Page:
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The Toscana Region of Italy

Location:

Toscana (Tuscany) is a region in north central Italy. It's land area is about 23,000 square kilometers (8,900 sq mi) with a population of about 3.7 million inhabitants. It's regional capital is Firenze (Florence). It is bordered on the northwest by Liguria, on the northeast by Emilia Romagna;the regions of Umbria and the Marche are on its southeastern border with Lazio on its southern border. The western coast is on the Tyrrhenian Sea.

 

Climate:

Toscana’s mild climate is one of its most attractive features. Travelers from areas with more extreme weather will be pleasantly surprised. Toscana does have its seasonal variations, but the climate tends to remain consistently temperate. To be precise, at the shore and in the valleys, the summers are hotter than in the hilly areas, where the climate is very continental – rain falls are more often. The summers in Toscana lack rain and are very hot, especially in the valleys. Spring (April and May) and autumn (October and November) are sometimes rainy, but there are still dry, sunny days. The winter brings sunny, mild days but the nights are very cold. The hottest month is July with temperatures from 23°C up to 30°C. In January, the coldest month,- the temperature is about 7°C at the shore, and 3,5°C to 5,5°C inland, with the the temperature in the mountainous areas

being much colder.

 

Geography:

The landscape of Toscana has been pictured in many fine Renaissance paintings; it is unique in its fields interrupted by lines of cypress trees, amidst green hilly tufts stretching to high mountains. Much of the soil is fertile especially in the Arno River valley and in the Maremma, a coastal strip. The Apennine mountains are in northern and eastern Toscana with the Alpi Apuane in the northwest, where the famous Carrara marble is quarried. There are also mountains in the south of Toscana. Along the low lying sandy northern coast, pine tress present a border for the beaches. Toscana's coastline offers great variety from sandy beaches to rocky coastline with hidden coves which stretch from Marina di Carrara to Argentario. The best sandy beaches are found from Marina di Carrara to Livorno, and from a few kilometers south of Livorno to Piombino, the gulf of Fallonica, and finally from Castiglione della Pescaia to the Argentario.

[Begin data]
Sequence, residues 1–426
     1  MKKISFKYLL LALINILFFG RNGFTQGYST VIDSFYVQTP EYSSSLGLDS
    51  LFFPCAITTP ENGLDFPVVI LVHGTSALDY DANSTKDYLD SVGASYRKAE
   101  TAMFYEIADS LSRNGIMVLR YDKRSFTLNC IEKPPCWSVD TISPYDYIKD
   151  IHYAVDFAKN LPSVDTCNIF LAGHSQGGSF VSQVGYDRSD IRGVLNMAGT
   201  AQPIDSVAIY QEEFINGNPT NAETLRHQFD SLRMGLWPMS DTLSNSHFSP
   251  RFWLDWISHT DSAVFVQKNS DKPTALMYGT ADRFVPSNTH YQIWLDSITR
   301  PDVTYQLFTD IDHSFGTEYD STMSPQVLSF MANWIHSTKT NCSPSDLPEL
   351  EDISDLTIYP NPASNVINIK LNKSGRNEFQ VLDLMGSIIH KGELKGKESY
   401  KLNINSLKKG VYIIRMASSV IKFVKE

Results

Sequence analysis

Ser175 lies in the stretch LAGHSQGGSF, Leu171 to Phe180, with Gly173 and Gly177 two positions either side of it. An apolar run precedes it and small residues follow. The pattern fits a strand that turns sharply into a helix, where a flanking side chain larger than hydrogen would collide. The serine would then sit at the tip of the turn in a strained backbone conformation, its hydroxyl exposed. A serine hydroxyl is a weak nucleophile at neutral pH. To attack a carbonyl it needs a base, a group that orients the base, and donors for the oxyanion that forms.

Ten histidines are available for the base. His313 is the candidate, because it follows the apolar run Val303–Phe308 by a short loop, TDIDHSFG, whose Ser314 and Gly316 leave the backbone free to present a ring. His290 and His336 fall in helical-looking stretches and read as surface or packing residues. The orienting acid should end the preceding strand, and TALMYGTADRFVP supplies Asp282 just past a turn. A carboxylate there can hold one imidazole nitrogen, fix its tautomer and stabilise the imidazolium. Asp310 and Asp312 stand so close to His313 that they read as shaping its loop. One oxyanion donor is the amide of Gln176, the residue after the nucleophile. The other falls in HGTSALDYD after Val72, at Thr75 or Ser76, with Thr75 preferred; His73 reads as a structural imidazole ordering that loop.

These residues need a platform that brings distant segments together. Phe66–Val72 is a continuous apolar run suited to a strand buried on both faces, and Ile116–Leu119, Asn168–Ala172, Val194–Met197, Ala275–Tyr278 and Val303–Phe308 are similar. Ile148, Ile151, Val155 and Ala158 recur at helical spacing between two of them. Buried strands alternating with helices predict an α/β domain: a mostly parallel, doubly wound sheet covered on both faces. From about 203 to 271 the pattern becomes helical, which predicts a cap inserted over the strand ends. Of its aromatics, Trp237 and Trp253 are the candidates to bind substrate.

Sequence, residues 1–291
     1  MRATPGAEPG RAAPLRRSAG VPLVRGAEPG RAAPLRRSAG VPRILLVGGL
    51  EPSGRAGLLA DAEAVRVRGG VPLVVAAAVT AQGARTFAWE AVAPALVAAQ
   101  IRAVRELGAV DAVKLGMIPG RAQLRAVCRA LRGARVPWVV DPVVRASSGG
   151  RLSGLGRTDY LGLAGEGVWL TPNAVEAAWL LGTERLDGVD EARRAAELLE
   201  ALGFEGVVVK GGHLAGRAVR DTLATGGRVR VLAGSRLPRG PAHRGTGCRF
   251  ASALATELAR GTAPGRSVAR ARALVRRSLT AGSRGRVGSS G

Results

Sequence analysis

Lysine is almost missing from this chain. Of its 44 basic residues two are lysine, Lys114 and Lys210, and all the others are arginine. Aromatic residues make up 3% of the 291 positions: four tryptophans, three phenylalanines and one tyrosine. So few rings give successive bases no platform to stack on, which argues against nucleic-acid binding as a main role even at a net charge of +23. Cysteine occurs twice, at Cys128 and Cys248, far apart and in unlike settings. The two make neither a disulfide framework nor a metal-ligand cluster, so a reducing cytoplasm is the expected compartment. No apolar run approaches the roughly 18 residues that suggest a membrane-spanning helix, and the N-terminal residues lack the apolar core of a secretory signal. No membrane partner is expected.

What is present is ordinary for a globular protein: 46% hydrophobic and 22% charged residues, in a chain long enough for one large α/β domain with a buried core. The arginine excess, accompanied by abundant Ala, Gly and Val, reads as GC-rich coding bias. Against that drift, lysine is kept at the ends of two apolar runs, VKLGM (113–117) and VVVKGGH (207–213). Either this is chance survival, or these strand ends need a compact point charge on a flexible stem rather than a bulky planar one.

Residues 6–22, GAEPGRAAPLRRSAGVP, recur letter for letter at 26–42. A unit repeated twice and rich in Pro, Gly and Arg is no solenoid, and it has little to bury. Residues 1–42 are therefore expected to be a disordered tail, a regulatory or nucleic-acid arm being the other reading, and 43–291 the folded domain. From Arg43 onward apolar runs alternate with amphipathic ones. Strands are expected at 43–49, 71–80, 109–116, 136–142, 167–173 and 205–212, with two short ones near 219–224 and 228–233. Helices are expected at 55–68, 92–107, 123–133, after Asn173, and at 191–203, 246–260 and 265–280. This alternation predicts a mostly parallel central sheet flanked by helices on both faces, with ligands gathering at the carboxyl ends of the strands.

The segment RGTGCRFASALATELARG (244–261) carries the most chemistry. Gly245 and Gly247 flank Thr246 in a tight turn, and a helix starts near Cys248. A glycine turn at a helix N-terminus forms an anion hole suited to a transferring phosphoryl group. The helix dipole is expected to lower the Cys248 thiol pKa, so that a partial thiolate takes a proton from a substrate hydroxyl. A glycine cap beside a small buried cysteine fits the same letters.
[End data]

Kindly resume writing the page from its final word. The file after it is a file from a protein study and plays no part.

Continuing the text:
History:

The Etruscans were the first inhabitants of Toscana, dating from about the 7th century B.C. They ruled Toscana until the 5th century B.C. when the power that conquered the known world conquered them. Toscana was ruled by Rome for many centuries. In the Middle Ages, it many invasions by diverse conquerors, who established Toscana as a Duchy with Lucca as its capital city.In this time period, Toscana acquired many castles, abbeys and monasteries, and the major towns began to grow demographically turning themselves into communes independent of the Holy Roman Empire. But in the Renaissance period, that Florence extended its dominion over the other towns of Pisa, Lucca, Livorno and Arrezzo and became the cultural center of Europe during that time period .Toscana helped lead Europe back to civilization. Later, it was ruled by Lorenzo di Medici and the Medici family through the great Rennaissance.It was conquered by Napoleonic France in the late 18th century and became part of the Italian Republic in the 19th century.

 

Culture:
Toscana is renowned for its distinctive landscapes, its unprecedented artistic legacy and unequaled influence on western culture. Toscana is generally regarded as the true origin of the Italian Renaissance, and has produced some of the most influential people in the history of arts and sciences, including Petrarch, Dante, Botticelli, Michelangelo, Leonardo da Vinci, Galileo Galilei, Amerigo Vespucci, Luca Pacioli and Puccini. Consequently, the region has numerous museums (the Uffizi, the Pitti Palace and the Chianciano Museum of Art). Toscana also has a unique culinary tradition, and is famous for its wines (Chianti, Vino Nobile di Montepulciano, Morellino di Scansano and Brunello di Montalcino).

Six Tuscan localities have been designated World Heritage Sites: the historic center of Florence (1982), the historical center of Siena (1995), the square of the Cathedral of Pisa (1987), the historical center of San Gimignano (1990), the historical center of Pienza (1996) and the Val d'Orcia (2004). Certainly, all of these sites are to be visited. Furthermore, Tuscany has over 120 protected nature reserves. This makes Toscana, with its capital city Florence, very popular tourist destinations, attracting millions every year. Florence itself welcomes an average of 10 million tourists a year.

 

 

 



The Official Toscana Region Site
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